Theodor W. Adorno

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Adorno was chiefly influenced by Max Weber's critique of disenchantment, Georg Lukács's Hegelian interpretation of Marxism, as well as Walter Benjamin's philosophy of history. Adorno, along with the other major Frankfurt School theorists Max Horkheimer and Herbert Marcuse, argued that advanced capitalism had managed to contain or liquidate the forces that would bring about its collapse and that the revolutionary moment, when it would have been possible to transform it into socialism, had passed. As he put it at the beginning of his Negative Dialectics (1966), philosophy is still necessary because the time to realise it was missed. Adorno argued that capitalism had become more entrenched through its attack on the objective basis of revolutionary consciousness and through liquidation of the individualism that had been the basis of critical consciousness.

Whilst Adorno's work focuses on art, literature and music as key areas of sensual, indirect critique of the established culture and modes of thought, there is also a strand of distinctly political utopianism evident in his reflections especially on history. The argument, which is complex and dialectic, dominates his Aesthetic Theory, Philosophy of New Music and many other works.

Adorno saw the culture industry as an arena in which critical tendencies or potentialities were eliminated. He argued that the culture industry, which produced and circulated cultural commodities through the mass media, manipulated the population. Popular culture was identified as a reason why people become passive; the easy pleasures available through consumption of popular culture made people docile and content, no matter how terrible their economic circumstances. The differences among cultural goods make them appear different, but they are in fact just variations on the same theme. He wrote that "the same thing is offered to everybody by the standardised production of consumption goods" but this is concealed under "the manipulation of taste and the official culture's pretense of individualism".[11] Adorno conceptualised this phenomenon as pseudo-individualization and the always-the-same.[citation needed]

Adorno's analysis allowed for a critique of mass culture from the left which balanced the critique of popular culture from the right. From both perspectives — left and right — the nature of cultural production was felt to be at the root of social and moral problems resulting from the consumption of culture. However, while the critique from the right emphasized moral degeneracy ascribed to sexual and racial influences within popular culture, Adorno located the problem not with the content, but with the objective realities of the production of mass culture and its effects, e.g. as a form of reverse psychology.[citation needed] Thinkers influenced by Adorno believe that today's society has evolved in a direction foreseen by him, especially in regard to the past (Auschwitz), morals or the Culture Industry. The latter has become a particularly productive, yet highly contested term in cultural studies. Many of Adorno's reflections on aesthetics and music have only just begun to be debated, as a collection of essays on the subject, many of which had not previously been translated into English, has only recently been collected and published as Essays on Music.[12]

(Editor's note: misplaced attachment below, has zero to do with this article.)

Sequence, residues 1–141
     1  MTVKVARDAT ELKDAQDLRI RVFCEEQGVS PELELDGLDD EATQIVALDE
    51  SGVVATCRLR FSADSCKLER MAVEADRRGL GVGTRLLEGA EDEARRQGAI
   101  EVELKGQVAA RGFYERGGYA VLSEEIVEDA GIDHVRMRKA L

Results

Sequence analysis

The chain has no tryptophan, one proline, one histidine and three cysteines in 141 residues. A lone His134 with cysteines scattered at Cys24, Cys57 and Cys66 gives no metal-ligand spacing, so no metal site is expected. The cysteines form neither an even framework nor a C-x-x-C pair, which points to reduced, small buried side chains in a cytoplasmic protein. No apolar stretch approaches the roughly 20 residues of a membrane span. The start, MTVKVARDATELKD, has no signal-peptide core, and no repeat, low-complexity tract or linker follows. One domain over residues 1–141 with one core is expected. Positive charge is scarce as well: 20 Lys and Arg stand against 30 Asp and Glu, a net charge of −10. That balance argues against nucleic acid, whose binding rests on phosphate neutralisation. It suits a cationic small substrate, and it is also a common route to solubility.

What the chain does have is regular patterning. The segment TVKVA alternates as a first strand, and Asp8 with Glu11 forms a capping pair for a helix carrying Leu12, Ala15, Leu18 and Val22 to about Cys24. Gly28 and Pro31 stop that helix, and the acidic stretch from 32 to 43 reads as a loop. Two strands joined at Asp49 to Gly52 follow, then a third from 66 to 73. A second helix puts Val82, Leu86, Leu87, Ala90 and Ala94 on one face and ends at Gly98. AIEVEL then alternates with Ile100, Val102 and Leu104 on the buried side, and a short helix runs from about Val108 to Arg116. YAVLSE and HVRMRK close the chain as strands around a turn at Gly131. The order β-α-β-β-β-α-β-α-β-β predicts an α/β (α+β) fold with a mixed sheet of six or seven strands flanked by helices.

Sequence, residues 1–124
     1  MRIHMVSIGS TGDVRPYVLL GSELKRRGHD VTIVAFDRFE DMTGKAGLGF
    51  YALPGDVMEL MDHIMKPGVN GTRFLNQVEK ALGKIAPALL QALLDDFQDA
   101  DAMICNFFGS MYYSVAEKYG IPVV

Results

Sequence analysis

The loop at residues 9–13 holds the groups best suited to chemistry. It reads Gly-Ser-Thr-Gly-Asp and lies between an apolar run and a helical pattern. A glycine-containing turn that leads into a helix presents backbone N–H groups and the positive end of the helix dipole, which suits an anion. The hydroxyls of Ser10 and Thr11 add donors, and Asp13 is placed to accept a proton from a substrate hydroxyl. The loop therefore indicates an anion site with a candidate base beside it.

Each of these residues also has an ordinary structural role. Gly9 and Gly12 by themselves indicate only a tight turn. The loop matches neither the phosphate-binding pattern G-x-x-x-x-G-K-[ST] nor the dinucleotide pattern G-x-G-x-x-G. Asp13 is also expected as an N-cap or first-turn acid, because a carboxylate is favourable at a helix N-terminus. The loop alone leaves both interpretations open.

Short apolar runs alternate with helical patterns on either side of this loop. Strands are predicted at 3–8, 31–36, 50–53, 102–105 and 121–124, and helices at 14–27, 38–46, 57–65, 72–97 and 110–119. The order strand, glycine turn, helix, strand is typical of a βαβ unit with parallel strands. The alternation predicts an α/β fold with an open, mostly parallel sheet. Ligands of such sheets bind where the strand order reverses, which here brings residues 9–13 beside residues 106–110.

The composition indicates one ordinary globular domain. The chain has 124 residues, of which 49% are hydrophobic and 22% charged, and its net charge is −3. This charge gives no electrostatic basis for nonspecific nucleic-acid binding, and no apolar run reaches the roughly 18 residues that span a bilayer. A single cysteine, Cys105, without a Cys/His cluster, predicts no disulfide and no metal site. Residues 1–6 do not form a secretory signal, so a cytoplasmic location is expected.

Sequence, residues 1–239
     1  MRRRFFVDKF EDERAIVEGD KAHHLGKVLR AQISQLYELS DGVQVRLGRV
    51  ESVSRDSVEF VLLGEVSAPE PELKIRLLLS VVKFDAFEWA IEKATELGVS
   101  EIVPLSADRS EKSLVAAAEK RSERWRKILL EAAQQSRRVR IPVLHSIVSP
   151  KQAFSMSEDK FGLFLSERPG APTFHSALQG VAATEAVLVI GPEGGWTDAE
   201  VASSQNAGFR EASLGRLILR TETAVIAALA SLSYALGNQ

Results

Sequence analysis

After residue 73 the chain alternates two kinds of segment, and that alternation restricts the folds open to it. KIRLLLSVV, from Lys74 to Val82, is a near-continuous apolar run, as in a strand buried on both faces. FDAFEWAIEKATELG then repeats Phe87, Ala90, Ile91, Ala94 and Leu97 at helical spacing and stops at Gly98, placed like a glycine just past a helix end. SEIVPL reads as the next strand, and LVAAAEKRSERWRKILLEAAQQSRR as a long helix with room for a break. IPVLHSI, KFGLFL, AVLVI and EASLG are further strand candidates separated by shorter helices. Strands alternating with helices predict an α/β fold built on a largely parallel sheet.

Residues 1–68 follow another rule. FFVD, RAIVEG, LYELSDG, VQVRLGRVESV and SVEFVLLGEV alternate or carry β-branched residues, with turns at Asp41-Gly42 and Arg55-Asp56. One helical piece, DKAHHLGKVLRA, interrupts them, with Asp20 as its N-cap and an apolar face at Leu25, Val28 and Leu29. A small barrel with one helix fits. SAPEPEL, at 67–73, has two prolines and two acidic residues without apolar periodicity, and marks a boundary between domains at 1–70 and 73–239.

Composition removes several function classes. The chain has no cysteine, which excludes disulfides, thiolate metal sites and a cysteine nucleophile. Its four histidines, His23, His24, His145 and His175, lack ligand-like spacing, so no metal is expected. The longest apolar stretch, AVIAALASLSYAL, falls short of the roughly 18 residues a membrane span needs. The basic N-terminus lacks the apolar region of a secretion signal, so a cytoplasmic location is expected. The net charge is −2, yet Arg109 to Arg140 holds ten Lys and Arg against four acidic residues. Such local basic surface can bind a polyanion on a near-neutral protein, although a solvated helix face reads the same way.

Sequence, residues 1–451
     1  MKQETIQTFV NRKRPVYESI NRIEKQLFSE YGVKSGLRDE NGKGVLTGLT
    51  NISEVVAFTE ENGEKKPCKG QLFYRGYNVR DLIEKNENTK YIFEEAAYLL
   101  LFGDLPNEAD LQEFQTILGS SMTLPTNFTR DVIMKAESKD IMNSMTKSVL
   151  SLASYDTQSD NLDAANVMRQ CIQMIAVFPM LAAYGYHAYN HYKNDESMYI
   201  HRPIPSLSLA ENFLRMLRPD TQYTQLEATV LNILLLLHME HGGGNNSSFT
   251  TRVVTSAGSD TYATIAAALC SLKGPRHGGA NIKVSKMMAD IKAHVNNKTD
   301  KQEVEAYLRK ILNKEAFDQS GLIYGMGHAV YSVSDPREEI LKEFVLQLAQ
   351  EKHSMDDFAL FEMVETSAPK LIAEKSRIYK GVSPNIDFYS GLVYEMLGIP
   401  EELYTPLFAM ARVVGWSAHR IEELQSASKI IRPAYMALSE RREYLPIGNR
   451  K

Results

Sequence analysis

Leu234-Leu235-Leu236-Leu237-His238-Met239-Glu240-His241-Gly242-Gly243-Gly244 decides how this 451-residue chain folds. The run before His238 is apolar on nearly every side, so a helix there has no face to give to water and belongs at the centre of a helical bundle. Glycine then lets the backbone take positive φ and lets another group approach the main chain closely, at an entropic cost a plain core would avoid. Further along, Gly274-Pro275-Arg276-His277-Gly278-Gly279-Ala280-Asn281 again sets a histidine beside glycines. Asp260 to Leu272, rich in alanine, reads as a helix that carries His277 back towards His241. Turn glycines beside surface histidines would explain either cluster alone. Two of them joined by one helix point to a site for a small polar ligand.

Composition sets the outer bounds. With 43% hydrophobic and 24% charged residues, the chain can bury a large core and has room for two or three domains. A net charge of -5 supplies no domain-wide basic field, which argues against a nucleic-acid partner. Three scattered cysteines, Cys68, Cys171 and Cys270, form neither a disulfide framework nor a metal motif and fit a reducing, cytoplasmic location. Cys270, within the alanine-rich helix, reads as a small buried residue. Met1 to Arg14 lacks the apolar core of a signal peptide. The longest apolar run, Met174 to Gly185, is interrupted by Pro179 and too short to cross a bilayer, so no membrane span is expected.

Adorno's work in the years before his death was shaped by the idea of "negative dialectics", set out especially in his book of that title. A key notion in the work of the Frankfurt School since Dialectic of Enlightenment had been the idea of thought becoming an instrument of domination that subsumes all objects under the control of the (dominant) subject, especially through the notion of identity, i.e. of identifying as real in nature and society only that which harmonized or fit with dominant concepts, and regarding as unreal or non-existent everything that did not.[citation needed] Adorno's "negative dialectics" was an attempt to articulate a non-dominating thought that would recognize its limitations and accept the non-identity and reality of that which could not be subsumed under the subject's concepts. Indeed, Adorno sought to ground the critical bite of his sociological work in his critique of identity, which he took to be a reification in thought of the commodity form or exchange relation which always presumes a false identity between different things. The potential to criticise arises from the gap between the concept and the object, which can never go into the former without remainder. This gap, this non-identity in identity, was the secret to a critique of both material life and conceptual reflection.[citation needed]

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